Search This Blog

Sunday, 23 July 2017

Tywi dusking

Yesterday evening (22/7), I paid an hour`s visit to Morfa-uchaf, a small area of sandy grassland and saltmarsh on the Tywi estuary, just north of Ferryside. It is a site known to Sam and, a few years back, I recall him finding a scarce moss here - Bryum warneum (I think).
I had been hoping to check stands of sea purslane for Coleophora (but that plant was almost absent) and also to `keep an eye out` for any late rosy waves (none were seen). There is a different saltmarsh plant assemblage here - basically a more rushy one, with an absence (or almost so) of many species found previously at North Dock and Pembrey.
There are stands of alder, admixed with occasional Salix fragilis and S. viminalis, the latter two willows having established themselves from stem fragments washed downstream by the Tywi - `natural cuttings`, as it were.

       Above: looking seawards, with Llansteffan on the right-hand side. Click on pic to enlarge.

About ten or so moth species were noted, with the quite distinctive `grass-moth` Agriphia latistria perhaps being the most interesting, though some saltmarsh Bactra may prove to be robustana. A rush veneer was flushed from dry grassland and Eucosma campoliliana was netted at ragwort (its host plant). A single Argyresthia goedartella was spotted on an alder leaf. Indeed, checking of leaves proved quite profitable (see below) and Oxycera trilineata (a soldier-fly) was also discovered by that activity.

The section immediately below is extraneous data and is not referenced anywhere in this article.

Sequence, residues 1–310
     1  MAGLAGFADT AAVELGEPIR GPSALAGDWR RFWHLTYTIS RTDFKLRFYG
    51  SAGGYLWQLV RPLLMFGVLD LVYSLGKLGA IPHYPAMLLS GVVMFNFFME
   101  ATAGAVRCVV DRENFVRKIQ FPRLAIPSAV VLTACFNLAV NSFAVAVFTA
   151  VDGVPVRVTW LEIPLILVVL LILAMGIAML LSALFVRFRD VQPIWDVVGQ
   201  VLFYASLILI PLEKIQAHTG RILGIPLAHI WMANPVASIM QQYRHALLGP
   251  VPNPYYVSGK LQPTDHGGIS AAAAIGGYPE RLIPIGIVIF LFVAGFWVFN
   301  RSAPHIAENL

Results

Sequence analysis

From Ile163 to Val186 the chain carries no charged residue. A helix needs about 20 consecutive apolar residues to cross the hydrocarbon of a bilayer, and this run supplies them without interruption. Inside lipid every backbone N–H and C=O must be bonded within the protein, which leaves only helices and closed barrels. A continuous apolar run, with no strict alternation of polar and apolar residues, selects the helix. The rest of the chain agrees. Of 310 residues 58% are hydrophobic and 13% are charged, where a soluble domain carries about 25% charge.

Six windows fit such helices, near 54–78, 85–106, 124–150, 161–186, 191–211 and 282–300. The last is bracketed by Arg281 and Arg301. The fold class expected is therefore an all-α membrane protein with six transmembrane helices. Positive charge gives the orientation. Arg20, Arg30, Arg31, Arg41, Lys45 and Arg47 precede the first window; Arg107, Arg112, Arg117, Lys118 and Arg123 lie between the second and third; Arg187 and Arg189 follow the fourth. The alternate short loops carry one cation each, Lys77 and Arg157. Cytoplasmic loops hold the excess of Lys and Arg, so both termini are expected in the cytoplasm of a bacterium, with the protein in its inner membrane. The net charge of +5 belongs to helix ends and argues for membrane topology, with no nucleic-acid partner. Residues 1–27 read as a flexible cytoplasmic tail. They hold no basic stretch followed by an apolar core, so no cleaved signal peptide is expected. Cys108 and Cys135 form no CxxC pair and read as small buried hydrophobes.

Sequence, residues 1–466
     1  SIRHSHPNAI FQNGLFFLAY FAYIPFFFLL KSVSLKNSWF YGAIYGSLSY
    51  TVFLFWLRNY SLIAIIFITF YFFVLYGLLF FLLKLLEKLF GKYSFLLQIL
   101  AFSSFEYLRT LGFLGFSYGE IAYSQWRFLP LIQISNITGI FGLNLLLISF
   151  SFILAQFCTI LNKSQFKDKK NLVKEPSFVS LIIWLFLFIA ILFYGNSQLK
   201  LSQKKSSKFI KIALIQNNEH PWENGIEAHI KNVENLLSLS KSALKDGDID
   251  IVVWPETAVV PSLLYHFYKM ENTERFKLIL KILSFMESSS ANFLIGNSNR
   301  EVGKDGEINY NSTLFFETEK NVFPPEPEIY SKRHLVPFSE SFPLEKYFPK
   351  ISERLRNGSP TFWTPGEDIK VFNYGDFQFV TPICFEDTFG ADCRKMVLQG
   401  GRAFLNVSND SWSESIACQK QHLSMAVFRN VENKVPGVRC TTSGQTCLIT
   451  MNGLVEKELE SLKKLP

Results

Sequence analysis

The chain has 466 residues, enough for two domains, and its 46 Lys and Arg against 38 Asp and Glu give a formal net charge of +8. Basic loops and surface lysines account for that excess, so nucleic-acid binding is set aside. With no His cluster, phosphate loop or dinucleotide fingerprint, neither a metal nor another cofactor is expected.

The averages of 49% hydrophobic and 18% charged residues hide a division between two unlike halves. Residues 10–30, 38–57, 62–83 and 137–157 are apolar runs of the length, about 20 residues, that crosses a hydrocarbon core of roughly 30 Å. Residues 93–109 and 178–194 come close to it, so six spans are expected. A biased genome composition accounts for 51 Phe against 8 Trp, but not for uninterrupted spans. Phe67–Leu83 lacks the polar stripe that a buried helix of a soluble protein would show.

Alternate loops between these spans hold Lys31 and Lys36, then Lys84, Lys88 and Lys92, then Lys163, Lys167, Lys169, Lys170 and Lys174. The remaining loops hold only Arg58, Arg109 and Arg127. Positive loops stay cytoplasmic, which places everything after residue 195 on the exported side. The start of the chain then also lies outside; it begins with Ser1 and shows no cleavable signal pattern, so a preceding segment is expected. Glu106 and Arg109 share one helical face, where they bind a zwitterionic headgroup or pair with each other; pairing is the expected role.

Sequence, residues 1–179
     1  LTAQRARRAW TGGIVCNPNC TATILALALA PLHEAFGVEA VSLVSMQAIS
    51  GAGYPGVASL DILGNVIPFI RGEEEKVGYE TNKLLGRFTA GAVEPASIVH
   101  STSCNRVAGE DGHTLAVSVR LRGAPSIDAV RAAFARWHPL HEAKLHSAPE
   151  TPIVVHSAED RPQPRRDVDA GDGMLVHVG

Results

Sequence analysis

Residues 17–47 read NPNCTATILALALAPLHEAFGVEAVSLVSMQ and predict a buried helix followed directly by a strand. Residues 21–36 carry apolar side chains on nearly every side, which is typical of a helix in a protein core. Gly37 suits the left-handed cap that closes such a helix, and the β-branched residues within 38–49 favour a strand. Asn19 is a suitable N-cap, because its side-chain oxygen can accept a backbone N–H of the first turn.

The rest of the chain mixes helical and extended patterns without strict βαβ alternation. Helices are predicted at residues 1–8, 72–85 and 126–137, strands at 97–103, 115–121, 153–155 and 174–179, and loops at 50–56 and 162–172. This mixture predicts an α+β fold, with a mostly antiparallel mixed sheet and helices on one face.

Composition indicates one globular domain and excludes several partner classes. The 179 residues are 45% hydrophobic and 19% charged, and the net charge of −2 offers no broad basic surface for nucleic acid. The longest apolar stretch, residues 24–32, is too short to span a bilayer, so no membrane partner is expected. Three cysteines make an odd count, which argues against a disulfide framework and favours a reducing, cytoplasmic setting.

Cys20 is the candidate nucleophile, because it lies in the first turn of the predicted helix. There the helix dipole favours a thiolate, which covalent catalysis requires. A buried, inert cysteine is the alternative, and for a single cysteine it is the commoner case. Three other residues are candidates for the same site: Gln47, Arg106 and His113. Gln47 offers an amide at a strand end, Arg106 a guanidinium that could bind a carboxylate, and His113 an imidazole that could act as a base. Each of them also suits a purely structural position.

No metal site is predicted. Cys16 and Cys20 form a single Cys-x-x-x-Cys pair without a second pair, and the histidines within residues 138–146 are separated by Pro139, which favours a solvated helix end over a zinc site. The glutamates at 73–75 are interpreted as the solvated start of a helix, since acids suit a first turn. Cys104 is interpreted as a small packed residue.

Above: rush veneer.
Above: also on alder was this Coleophora case. Several species occur on this tree, but I don`t know if this case is identifiable.
Above: more spectacular and easier to identify is this gall, caused by a fungal plant pathogen - Taphria alni.
                           Above: I`m not sure if this mine is that of Chrysoethia sexguttella.
Above: returning home, I could n`t resist taking this photo looking out across Carmarthen Bay to west Gower. Note the sinister sea-serpent form of Worm`s Head at its western termination and also the broad expanse of the Lower Gwendraeth in the middle of the photo, with Pembrey Forest seawards of it. These coastal grazing levels are perhaps one of the best surviving areas of that particular habitat in Wales. Again, click on pic to enlarge.


  1. Funnily enough I've just posted a photo of a C. sexguttella mine on the Glam blog. Your mines certainly look good for that species but I'm not sure if you can rule out various Scrobipalpa species without seeing the larva (my mine was tenanted - the black thoracic plate of sexguttella is distinctive).

  2. Your Coleophora looks like C. serratella.